Comparisons: Other members of the Wood Fern Family found in the Garden are Goldie's Fern, Dryopteris goldiana; Marginal Wood Fern, Dryopteris marginalis; Male Fern, Dryopteris filix-mas; and historically, the Spinulose Wood Fern, Dryopteris carthusiana. Crested Wood Fern is best identified by 1) the blunt triangular basal pinna, 2) the erect but narrow fertile fronds with the pinnae twisted out of the plane of the blade, and 3) the shorter sterile fronds that are more glossy and remain green in the winter. If the pinnae have bristle tipped teeth near the lobe tip then the plant is a hybrid with another species of the Wood Fern Family.

See bottom of page for notes on the Garden's planting history, distribution in Minnesota and North America, lore and other references.

lower pinnae Drawing

Above: The lower section of a fertile frond which is a distinguishing indentifying key. Drawing from Britton, N.L., and A. Brown. 1913. An illustrated flora of the northern United States, Canada and the British Possessions. 3 vols. Charles Scribner's Sons, New York.

Below: 1st photo - Distinctive upward twisted fertile pinnae of Crested Wood -here a young frond. 2nd photo - fiddleheads. 3rd photo - New pinnae. Note the brown scales on the stipes.

Crested Woodfern Crested Woodfern fiddleheads Crested Woodfern new growth

Below: 1st photo - Detail of upper surface of the pinnules. Note that even those closest to the rachis are not separated to the costa of the pinna - hence pinnatifid. 2nd photo - Underside detail of the tip of a pinna - note that the upper most pinnules become just blunt lobes joined together.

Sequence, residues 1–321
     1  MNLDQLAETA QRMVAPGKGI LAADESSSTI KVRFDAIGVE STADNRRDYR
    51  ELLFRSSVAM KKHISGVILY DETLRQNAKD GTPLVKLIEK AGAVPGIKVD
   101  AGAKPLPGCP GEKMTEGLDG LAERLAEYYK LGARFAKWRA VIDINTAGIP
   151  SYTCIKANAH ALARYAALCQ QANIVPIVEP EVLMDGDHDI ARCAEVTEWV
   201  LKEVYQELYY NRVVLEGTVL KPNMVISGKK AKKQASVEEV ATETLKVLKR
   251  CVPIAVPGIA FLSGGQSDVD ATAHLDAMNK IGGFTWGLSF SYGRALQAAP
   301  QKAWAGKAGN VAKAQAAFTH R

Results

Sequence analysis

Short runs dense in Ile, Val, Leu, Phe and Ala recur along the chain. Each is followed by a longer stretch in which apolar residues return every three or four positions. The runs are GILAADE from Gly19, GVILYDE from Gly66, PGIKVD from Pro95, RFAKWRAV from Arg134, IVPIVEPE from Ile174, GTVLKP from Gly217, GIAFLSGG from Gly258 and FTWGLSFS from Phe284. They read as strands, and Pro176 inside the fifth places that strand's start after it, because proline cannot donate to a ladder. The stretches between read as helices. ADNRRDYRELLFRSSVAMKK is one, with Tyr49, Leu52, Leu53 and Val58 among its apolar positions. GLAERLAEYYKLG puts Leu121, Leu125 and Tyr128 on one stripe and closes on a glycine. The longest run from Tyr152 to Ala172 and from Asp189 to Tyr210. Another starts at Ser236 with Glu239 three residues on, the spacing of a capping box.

Crested Woodfern pinnae detail Crested Woodfern pinnae detail

Below: 1st photo - The sterile fronds are more spreading vs erect and the pinnae are not so twisted out of the plane of the frond. 2nd photo - The lowest pinnae are shorter and triangular in shape

Crested Woodfern pinnae Crested Woodfern lower pinnae

Below: The sori of fertile fronds. 1st photo - maturing sori with the indusium falling away - note the location between the midrib and the margin of the pinnule. 2nd photo - These lowest fertile pinnae at the base of the rachis show the horizontal orientation of the pinnae.

Crested Woodfern sori Crested Woodfern lower fertile pinnae


Notes: Crested Wood Fern is indigenous to the Garden. Eloise Butler catalogued in on May 25, 1907 using the name applied at that period - Aspidium cristatum. She also planted it in 1918. Curator Martha Crone planted 18 plants of it in 1935, more in 1947 and 1955 and 102 of them in 1956 when she developed the Fern Glen. By the time of her 1951 Garden census the name in use was Dryopteris cristata.

Crested Wood Fern is found throughout the lower Canadian Provinces except Labrador and in the U.S. it is found in all the northern tier states and then east of the Mississippi River it is found in most states of the far south. It is considered threatened or in danger in New York, Tennessee and Washington states. In Minnesota it is found in most counties of the northern 2/3rds of the state, absent in the SW quadrant. Ten species of the genus Dryopteris are found in Minnesota.

References and site links

References: Plant characteristics are generally from sources 1A, 32, W2, W3, W7 & W8 plus others as specifically applied. Distribution principally from W1, W2 and 28C. Planting history generally from 1, 4 & 4a. Other sources by specific reference. See Reference List for details.

graphicIdentification booklet for most of the flowering forbs and small flowering shrubs of the Eloise Butler Wildflower Garden. Details Here.